What it feels like to lose someone in your community

A tribute to Haruka Weiser

Losing someone in your community is hard. It’s really heavy, even if you didn’t know them personally. You catch yourself thinking, ¬†what if you had known them?

And then you hear stories from their friends, laughing about past memories and reminiscing on their friendship. You get a real sense of who this person was.

For me, the first thought that popped into my mind this week was that I felt attacked; I felt an attack on the place I call home, the place I live and work everyday.

Haruka Weiser was a profound member of the Theatre and Dance community. She was taken away from her home and from her friends. Immediately, I felt a duty to protect those in my community, both in the Theatre and Dance department and the UT campus as a whole. The people who walk among UT grounds everyday are my friends, my classmates, my sorority sisters, my professors, my family of fellow Longhorns. And walking among the UT grounds like a normal student would on a normal night, Haruka wound up as an unexpected tragedy.

Others who are in my position, not having known Haruka personally, but also feeling a sense of protection, felt the need to foster safe precautions for our community to follow when walking on campus grounds late at night. It makes you feel as though you have some sort of control over the current situation. You might not have known Haruka personally, but you can rest easier knowing you might save someone else’s life.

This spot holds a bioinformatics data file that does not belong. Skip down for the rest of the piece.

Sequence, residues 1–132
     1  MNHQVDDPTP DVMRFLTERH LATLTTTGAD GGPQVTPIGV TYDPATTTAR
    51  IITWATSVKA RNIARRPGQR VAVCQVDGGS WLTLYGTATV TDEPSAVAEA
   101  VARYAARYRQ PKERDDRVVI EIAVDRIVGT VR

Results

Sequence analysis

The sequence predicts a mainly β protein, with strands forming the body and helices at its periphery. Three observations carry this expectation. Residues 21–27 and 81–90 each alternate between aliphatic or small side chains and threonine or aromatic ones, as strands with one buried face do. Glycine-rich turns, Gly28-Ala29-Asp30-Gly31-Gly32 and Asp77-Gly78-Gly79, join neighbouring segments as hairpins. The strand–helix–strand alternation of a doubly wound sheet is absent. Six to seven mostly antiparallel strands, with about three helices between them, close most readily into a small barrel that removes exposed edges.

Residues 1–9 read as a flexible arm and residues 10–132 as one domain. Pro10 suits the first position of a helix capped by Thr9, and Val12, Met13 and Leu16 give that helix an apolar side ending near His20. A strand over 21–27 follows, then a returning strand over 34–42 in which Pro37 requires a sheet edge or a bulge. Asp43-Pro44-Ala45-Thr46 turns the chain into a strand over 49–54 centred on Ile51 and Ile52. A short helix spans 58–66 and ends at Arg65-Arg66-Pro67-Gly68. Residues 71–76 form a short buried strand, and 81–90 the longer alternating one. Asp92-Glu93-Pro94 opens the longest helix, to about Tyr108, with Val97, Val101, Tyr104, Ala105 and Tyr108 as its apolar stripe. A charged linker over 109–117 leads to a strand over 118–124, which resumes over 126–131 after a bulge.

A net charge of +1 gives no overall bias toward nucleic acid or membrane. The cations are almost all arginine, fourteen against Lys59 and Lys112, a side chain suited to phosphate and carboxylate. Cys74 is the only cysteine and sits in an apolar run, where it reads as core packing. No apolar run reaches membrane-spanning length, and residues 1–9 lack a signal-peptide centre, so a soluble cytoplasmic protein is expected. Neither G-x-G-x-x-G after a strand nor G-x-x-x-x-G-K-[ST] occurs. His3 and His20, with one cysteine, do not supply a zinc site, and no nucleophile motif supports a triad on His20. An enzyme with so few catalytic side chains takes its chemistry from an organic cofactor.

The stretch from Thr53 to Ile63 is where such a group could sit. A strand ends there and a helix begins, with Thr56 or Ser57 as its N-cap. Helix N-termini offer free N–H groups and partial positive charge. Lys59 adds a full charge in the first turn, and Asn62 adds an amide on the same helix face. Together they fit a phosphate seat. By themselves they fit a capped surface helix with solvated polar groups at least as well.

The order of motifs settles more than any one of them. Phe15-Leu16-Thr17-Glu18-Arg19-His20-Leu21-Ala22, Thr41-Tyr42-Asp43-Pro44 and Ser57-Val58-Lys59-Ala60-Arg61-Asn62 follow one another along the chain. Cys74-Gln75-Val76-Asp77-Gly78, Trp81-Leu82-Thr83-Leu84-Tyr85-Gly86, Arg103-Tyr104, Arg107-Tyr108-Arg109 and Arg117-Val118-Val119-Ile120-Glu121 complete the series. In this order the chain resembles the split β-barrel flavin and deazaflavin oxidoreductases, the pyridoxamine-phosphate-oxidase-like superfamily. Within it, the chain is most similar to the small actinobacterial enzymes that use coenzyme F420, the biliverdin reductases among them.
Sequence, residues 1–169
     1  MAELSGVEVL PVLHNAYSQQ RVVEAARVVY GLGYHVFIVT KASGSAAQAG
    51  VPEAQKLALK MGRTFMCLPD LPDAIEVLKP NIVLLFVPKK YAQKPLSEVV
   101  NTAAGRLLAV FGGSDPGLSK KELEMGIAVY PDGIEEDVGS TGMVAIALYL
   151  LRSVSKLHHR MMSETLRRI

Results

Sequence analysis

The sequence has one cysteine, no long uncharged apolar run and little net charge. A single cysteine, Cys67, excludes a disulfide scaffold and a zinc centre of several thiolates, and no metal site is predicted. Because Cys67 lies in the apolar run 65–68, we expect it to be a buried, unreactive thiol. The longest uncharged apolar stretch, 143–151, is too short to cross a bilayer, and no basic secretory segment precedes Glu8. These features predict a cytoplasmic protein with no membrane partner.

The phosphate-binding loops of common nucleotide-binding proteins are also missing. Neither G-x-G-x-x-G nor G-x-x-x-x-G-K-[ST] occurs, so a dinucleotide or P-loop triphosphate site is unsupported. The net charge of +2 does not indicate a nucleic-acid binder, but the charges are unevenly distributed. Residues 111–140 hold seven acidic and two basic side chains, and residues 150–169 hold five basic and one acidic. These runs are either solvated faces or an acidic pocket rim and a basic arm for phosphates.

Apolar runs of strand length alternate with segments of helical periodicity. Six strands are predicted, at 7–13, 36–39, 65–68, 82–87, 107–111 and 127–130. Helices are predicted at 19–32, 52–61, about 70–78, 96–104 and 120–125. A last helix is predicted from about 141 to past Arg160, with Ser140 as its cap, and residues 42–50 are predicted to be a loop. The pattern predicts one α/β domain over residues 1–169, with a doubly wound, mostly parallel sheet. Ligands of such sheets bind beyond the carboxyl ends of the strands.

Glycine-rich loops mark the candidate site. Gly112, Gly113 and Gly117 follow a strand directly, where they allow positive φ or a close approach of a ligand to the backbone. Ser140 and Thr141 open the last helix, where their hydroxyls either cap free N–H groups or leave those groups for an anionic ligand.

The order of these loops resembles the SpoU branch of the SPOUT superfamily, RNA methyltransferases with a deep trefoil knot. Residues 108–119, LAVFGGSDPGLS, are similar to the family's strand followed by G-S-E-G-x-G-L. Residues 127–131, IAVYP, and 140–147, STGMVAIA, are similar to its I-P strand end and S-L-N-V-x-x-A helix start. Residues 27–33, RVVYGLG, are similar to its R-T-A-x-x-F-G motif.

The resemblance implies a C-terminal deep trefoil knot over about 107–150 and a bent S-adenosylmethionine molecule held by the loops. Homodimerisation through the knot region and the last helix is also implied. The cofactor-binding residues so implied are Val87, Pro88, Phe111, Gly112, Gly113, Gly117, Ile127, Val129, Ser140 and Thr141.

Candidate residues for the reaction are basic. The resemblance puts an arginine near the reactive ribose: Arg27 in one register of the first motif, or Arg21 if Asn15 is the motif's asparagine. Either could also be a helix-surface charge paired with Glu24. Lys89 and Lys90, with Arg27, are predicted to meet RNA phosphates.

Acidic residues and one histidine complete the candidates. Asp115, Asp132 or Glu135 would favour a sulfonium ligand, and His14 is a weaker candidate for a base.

The next emotion I felt was just to be there. Be there for Haruka’s friends and the Theatre and Dance community, especially the dancers. I remember being at her memorial ceremony on campus and seeing so many dismal, weeping faces. I hugged every single person I could, staying strong and being someone they could lean on. I abundantly felt the tears of strangers on my cheek and the mournful cries I heard will be sounds I will never forget. I still get chills reflecting on the aftermath of the ceremony.

When I learned the suspect had been arrested and read the details of his attack that night on Sunday, April 3rd, it all hit me. Suddenly, I didn’t feel strong anymore. Everyone will grieve differently based on their relationship with Haruka, but for me – as someone who didn’t know her personally – I stayed strong for those who needed me to be until finally I needed to grieve, too.

I know Haruka was a bright soul with a big future ahead of her. No one deserves to go through what she did. No one. Her death signified an incredible loss in the Theatre and Dance department. We both lived and worked, and played in the same department; I am sure we crossed paths. And maybe one day we will cross paths again, and we will meet, and I will get to experience the life and beauty of her soul that so many people did.

So here is to Haruka’s family. Here is to Haruka’s friends. Here is to Haruka’s advisors, her counselors, her teachers, her acquaintances, her dance community, the theatre community, and to those who didn’t know her, but are grieving, too. Know that I am here for you and that I am with you every step of the way. May we come together in support and solidarity as one, while we mourn together this missing piece of our community. May Haruka Weiser’s soul rest in peace.

UT Austin